Likewise, companies research a potential target audience and coordinate with websites that the target audience most likely frequents. In addition, since websites that host the banner advertisement are benefited from this strategy, the websites end up honing how their websites are searched on the internet. To elaborate, search engines pick up websites that best meet a search query based on the keywords a website has. The more a website is rich in keywords that capture the typical queries of a target audience, the more likely that website will be within the first page of search results from a search engine. Psychologically, this is very beneficial, as most internet users may only use the search results that are on the first page of results. So, the relationship between advertisers and host websites is seen as equally beneficial. Advertisers are able to capture key audiences and promote their brand and websites better their search engine optimization (SEO) so more consumers from a target audience visit the website and potentially click on the advertisements. Even if this strategy, on a simplistic model level, seems beneficial for all parties, many internet marketers may debate the effectiveness of a PPC campaign. Much of the debate may hinge on the particular brand or the particular website that has been chosen to host the advertisements. There are other considerations as well.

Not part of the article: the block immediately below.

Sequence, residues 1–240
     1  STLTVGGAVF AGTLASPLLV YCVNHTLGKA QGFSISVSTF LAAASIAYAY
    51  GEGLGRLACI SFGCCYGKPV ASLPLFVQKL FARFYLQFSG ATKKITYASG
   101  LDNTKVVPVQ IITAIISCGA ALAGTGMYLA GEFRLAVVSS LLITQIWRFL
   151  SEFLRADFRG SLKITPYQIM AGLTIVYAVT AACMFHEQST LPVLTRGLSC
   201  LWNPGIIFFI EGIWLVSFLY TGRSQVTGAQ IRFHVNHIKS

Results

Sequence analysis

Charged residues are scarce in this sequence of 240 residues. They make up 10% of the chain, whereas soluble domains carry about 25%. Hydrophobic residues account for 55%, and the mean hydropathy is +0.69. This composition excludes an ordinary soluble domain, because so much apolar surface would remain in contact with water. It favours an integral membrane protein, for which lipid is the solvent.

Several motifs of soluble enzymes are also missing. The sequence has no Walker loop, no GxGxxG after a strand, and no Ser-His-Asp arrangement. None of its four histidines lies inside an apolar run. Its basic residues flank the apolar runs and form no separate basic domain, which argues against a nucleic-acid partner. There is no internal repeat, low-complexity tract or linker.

One of the biggest issues for the advertiser and the host website is keyword choices. The science behind keywords is a growing field in internet marketing with much of the focus on enhancing the SEO of a website. However, like anything in business, failure is a possibility. The wrong keywords may be chosen, which will radically reduce the effectiveness of the PCC campaign. Keywords may be incorrectly chosen due to human error (thinking that specific words are what a target audience is searching for) or from improper analysis of web analytic results that often show what keywords and their variations are most used on search engines.